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A Solution to Poorly Tolerated Lower Limb Amputations: Osseointegrated Prostheses Prove Cost Effective in the United States
Grant Black, BA1, Xian Wu, MPH2, S. Robert Rozbruch, MD3, David M. Otterburn, MD4
1Weill Cornell Medical College, New York, NY, 2Brown University, Providence, RI, 3Hospital for Special Surgery, New York, NY, 4NewYork-Presbyterian Hospital, New York, NY

Purpose:: This study is the first cost-benefit analysis of osseointegrated implant (OI) prostheses compared to socket-suspended (SS) prostheses for lower limb amputees in the United States. The use of traditional SS prostheses for patients with transfemoral and transtibial amputations can be complicated by issues like poor fit, tissue damage, and pain at the socket- limb interface that require management by plastic surgeons. Osseointegration provides an alternative solution by anchoring the prosthesis directly to an implant in the userís residual limb. Soft tissue reconstruction at the time of implantation is performed by a plastic surgery team.
Methods: We used a Monte Carlo model to project costs and lifetime quality-adjusted life years (QALYs) for patients with OI and SS prostheses. Simulation parameters were derived from a cohort of 25 patients who underwent osseointegrated implantation following unilateral lower limb amputation at our institution between October 2017 and February 2020. Material and labor costs were collected via IRB-approved retrospective chart reviews. Utilities and SS prosthesis costs were derived from the literature. An incremental cost effectiveness ratio (ICER) was used to compare OI and SS prostheses.
Results: Our patients had an average age of 49.6 years at implantation and were followed for 17 months on overage. 84% of patients had traumatic amputations. We found the average cost of osseointegration surgery to be $54,503. 20% of patients required a pre-implantation residual limb revision surgery, averaging $49,191. Maintenance of a healthy OI prosthesis cost on average $2,626 per year. Complication rates per year and average costs were as follows: soft tissue infection (29%, $435), bone/implant infection (11%, $11,721), painful neuroma (14%, $14,659), and mechanical failure (17%, $46,513). The ICER of OI prostheses compared to SS prostheses was $44,660. A cost effectiveness acceptability curve showed that OI was favored over SS in 71% of cases at a willingness-to-pay of $50,000 per QALY. In one-way sensitivity analyses, the ICER was most sensitive to the mechanical failure rate, mechanical failure cost, and alternative yearly SS prosthesis cost.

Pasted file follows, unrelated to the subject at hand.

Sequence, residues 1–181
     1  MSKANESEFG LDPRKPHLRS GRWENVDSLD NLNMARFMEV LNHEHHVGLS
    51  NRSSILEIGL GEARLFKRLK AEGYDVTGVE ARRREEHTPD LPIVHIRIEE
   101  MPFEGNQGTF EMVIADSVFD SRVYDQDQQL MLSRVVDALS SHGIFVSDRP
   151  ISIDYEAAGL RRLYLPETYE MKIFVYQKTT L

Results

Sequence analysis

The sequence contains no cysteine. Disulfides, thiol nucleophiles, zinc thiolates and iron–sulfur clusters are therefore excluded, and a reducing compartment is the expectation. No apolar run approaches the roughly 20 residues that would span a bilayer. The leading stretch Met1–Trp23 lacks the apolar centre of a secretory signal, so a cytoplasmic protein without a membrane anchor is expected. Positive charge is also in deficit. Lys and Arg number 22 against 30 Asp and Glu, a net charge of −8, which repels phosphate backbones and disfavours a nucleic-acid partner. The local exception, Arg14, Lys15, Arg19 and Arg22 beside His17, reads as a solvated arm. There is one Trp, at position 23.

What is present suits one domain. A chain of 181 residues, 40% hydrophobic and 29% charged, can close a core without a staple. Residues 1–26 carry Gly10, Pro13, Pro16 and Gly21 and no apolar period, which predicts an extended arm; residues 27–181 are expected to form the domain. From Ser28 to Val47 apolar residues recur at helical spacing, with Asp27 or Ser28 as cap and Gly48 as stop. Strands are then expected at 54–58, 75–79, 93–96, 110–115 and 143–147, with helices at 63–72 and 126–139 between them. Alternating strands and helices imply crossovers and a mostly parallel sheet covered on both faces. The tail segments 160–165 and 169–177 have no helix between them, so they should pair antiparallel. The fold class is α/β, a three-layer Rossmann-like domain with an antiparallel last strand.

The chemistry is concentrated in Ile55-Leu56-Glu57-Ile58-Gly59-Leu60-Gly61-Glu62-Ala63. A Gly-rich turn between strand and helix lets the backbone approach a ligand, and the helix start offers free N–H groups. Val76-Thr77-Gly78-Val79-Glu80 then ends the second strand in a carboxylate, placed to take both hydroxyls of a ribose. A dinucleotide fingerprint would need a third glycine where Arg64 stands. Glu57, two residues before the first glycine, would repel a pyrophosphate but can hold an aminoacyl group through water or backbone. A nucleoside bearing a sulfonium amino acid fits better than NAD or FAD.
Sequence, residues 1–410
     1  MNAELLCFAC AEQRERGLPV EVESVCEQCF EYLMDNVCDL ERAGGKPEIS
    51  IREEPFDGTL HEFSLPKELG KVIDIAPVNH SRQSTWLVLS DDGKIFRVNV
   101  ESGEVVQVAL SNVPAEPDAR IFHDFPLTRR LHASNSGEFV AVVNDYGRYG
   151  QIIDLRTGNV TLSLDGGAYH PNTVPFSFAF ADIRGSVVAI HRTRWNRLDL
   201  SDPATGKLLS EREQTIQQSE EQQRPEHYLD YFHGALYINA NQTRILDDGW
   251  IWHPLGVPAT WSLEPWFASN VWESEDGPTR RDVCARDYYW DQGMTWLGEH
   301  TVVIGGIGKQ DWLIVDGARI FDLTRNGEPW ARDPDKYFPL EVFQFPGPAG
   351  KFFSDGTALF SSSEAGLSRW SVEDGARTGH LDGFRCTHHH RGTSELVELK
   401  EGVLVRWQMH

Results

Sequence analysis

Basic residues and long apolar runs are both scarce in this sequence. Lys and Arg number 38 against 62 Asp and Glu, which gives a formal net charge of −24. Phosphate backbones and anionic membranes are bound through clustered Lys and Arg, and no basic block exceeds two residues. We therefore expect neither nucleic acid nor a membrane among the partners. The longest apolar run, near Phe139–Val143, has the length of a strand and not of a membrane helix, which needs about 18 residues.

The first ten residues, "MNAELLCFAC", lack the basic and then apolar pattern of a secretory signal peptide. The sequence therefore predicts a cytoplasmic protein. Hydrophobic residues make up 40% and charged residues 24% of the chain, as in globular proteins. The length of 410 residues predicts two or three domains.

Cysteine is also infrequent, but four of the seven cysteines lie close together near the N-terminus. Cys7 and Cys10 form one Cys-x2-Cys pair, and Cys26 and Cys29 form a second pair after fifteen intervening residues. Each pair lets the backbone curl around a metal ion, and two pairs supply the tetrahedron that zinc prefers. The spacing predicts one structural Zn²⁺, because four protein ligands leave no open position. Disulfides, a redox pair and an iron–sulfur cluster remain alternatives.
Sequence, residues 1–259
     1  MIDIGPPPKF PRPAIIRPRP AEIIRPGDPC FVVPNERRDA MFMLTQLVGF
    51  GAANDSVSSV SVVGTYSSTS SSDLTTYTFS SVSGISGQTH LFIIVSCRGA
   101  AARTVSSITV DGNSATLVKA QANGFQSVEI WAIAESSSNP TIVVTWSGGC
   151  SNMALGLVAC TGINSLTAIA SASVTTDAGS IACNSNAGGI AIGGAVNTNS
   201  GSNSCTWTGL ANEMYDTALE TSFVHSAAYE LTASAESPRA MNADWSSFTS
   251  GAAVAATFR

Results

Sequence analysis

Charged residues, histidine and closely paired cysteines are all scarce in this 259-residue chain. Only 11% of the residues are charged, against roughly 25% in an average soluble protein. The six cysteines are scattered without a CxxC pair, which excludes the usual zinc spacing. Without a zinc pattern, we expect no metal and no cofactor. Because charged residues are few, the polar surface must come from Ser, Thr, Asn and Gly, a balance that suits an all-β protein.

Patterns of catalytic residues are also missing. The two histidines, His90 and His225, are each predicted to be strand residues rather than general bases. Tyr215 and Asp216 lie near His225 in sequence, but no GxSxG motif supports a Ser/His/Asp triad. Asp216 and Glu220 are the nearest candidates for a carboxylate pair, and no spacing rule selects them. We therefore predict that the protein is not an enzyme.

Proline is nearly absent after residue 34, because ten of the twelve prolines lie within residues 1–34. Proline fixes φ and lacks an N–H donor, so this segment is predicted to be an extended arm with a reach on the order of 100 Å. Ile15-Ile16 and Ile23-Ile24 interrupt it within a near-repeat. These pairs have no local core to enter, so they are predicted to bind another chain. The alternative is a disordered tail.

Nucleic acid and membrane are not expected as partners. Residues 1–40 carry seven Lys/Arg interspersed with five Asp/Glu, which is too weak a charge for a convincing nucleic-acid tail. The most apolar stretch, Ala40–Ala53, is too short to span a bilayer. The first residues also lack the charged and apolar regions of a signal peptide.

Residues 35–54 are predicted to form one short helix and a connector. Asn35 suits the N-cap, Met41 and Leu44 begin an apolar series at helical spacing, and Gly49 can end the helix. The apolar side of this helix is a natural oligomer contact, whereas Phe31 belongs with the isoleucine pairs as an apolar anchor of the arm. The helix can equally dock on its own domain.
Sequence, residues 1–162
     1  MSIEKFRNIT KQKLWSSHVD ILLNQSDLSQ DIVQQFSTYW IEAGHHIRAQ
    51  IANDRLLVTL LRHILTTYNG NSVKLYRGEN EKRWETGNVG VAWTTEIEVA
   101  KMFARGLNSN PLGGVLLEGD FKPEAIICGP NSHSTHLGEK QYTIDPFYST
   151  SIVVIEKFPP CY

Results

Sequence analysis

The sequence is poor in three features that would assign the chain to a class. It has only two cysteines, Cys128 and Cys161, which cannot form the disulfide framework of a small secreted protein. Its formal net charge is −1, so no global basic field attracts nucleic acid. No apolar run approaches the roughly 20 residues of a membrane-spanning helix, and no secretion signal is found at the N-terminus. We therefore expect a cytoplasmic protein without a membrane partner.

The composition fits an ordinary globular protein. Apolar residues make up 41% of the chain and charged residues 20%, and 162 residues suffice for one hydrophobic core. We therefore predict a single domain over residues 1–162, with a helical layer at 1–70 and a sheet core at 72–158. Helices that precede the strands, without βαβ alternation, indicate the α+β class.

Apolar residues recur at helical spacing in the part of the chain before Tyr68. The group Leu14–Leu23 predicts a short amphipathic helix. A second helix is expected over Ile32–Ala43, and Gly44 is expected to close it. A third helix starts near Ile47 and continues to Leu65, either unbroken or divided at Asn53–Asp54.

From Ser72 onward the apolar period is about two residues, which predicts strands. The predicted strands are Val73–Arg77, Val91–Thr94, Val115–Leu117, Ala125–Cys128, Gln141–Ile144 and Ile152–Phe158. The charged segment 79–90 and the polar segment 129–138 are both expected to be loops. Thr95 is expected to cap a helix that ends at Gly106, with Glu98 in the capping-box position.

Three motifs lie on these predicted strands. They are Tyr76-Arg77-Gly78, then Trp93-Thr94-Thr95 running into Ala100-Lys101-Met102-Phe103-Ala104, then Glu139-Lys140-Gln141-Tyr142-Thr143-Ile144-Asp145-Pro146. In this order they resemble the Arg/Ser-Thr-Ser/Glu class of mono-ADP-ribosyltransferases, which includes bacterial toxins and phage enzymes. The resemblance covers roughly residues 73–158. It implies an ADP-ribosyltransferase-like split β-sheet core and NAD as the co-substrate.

Conclusions: Our model suggests that osseointegrated implantation can provide a higher quality of life at affordable costs when compared to poorly tolerated SS prostheses in patients with lower limb amputations in the US. Intraoperative reconstruction and postoperative management by a plastic surgeon is essential to minimize complications and thus improve cost effectiveness and patient satisfaction. More follow-up must be done to understand the long-term benefits and risks of OI-based prostheses.


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